Gospel, August 16, 2020

The First Reading is from the Book of the Prophet Isaiah. As Isaiah writes these words in chapters 56-66 during the post-exilic period of Israel’s history (their exile in Babylon, 587-540 B.C.E.), there are lots of foreigners living in Israel. Many Jews, including the leaders, consider such people as outsiders and resist their joining in the worship services even though they are willing to accept the God of Israel and follow his ways. Isaiah challenges such a parochial and narrow mentality. Therefore, the prophet is telling everyone that God accepts all those who are willing to follow God's laws with sincerity and purity of heart. Non-Jews must “love the name of the Lord, become his servants, observe Sabbath, hold to God’s covenant,” then they must be welcomed into God’s house of prayer for ‘God’s house is for all peoples.’”

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Gospel August 2, 2020

The First Reading is from the Book of the Prophet Isaiah. After 70 years of exile, some of the Israelite captives begin to grow accustomed to the Babylonian way of life. Some captives spent their money for “what is not bread,” and wages for “what fails to satisfy.” Some are seeking life from sources other than the one God. Such searching will end in emptiness and futility.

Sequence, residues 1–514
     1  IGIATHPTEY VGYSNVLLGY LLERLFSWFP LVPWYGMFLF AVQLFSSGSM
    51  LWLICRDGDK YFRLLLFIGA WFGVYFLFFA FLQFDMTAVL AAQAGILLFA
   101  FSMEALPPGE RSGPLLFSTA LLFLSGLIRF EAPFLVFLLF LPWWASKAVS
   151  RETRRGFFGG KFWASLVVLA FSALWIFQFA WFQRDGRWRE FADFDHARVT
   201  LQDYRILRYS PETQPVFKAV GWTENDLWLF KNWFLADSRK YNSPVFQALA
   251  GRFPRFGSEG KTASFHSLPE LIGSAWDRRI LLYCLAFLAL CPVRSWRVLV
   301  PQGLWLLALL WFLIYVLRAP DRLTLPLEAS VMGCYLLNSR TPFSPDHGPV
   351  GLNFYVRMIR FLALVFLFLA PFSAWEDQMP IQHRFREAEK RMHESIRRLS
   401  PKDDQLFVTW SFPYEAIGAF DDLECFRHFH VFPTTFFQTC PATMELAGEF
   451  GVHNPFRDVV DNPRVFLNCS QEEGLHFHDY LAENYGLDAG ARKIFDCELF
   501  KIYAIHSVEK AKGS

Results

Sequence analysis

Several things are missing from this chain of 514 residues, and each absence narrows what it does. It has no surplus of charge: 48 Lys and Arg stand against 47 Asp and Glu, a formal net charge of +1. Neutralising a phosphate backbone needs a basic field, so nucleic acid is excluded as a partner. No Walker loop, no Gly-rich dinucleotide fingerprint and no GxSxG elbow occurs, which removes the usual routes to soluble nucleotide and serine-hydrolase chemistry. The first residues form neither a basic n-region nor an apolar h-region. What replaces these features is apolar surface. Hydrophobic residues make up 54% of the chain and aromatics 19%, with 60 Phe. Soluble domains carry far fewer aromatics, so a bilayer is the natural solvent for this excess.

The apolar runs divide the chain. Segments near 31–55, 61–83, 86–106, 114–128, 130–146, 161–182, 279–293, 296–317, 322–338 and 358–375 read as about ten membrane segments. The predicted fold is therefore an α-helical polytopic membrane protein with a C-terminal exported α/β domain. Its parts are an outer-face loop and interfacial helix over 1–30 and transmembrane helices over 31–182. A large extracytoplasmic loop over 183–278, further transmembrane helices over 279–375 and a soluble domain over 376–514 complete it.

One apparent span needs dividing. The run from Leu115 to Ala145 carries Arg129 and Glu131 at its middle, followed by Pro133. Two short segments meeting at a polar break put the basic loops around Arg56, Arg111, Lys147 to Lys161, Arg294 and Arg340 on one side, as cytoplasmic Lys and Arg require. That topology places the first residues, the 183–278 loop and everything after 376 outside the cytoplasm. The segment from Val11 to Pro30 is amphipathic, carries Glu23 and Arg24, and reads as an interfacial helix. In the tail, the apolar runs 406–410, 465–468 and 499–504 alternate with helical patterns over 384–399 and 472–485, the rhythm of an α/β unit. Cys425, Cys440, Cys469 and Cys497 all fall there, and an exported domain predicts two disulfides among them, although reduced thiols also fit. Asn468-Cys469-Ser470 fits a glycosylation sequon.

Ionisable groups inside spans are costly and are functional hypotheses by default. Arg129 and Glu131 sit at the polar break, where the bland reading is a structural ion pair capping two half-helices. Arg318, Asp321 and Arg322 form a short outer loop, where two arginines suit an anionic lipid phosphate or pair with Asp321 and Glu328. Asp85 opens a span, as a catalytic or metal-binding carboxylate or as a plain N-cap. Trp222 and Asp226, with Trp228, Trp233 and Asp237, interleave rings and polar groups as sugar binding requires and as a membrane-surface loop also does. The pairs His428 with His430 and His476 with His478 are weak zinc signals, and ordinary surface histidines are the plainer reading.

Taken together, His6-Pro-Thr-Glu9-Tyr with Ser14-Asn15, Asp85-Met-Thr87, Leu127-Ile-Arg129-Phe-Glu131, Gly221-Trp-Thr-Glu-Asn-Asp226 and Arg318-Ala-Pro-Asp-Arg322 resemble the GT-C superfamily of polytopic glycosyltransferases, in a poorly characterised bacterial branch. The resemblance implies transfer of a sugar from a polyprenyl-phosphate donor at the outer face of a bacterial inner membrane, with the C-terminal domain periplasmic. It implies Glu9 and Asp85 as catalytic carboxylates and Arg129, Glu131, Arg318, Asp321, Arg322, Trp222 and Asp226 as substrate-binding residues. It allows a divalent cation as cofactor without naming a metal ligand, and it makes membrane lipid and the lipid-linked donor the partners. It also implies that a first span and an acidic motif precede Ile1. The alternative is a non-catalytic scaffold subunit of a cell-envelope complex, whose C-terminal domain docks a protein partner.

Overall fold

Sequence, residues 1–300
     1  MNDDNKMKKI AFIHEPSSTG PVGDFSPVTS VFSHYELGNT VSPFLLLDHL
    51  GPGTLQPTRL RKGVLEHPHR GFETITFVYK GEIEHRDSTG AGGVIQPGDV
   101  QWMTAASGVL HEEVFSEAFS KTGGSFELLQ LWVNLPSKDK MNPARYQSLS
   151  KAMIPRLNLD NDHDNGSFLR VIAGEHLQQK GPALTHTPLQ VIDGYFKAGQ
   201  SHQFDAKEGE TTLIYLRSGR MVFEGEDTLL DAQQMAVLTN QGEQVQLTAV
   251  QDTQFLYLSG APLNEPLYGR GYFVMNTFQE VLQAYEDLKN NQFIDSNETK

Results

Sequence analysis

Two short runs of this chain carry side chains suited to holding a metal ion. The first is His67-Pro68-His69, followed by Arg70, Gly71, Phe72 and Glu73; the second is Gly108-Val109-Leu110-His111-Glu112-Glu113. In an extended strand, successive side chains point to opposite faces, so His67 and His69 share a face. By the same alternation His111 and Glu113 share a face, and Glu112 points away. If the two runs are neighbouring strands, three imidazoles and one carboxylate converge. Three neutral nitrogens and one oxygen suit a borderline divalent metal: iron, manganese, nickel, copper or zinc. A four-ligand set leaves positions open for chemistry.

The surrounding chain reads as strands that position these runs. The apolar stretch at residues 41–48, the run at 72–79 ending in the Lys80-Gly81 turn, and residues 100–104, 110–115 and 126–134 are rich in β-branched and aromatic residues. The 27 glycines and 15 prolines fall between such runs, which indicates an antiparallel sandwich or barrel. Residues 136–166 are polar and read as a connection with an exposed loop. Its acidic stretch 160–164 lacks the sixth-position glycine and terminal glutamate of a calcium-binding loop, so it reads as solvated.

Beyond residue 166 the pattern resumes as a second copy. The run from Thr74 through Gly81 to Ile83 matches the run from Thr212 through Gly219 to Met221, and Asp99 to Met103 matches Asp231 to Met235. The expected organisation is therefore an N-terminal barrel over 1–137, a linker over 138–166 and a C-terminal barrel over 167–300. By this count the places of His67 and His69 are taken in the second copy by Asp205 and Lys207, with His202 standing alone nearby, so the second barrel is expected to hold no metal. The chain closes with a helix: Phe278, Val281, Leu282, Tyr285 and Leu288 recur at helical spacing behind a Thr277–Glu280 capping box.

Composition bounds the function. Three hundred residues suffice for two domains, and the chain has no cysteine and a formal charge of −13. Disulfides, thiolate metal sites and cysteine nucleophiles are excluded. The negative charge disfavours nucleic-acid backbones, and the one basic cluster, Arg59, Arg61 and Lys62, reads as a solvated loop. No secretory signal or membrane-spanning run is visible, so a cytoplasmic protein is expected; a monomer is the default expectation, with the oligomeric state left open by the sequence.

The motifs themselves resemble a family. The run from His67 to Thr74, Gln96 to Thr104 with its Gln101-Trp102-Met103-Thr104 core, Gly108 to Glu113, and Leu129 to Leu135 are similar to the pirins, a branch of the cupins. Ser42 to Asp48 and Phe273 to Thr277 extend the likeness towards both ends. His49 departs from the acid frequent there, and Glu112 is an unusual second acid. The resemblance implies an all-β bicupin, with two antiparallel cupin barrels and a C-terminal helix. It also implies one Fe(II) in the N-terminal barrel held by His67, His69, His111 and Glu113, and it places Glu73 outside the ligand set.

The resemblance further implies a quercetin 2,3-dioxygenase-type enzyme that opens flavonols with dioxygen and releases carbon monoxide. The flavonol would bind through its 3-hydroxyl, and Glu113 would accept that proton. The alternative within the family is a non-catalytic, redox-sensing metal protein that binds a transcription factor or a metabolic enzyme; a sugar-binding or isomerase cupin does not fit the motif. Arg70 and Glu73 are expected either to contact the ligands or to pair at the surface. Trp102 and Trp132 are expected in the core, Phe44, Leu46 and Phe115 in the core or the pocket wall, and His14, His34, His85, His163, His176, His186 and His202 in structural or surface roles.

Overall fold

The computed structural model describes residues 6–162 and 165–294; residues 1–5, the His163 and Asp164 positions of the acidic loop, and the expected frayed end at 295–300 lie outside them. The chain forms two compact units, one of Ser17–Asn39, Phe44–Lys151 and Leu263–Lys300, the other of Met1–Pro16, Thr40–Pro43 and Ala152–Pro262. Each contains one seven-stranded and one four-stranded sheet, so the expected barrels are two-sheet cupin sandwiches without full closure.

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Gospel July 26, 2020

The first reading is from the first Book of kings. Salomon, who recently ascended the throne of David, describes himself as a “mere youth.” The Hebrew word of youth or child, na’ar, denotes in this context a young adult who lacks experience in a job. Solomon is new to leadership. God asks Solomon what gift he desires most of all? He answers: “Wisdom and understanding heart.” In Israelite tradition, wisdom has to do with having the ability to attain success in any field of endeavor. Solomon illustrates this very well as he flourishes in governance, in construction, in foreign trade and diplomacy, and in writing proverbs. God gives Solomon wisdom and a discerning heart.

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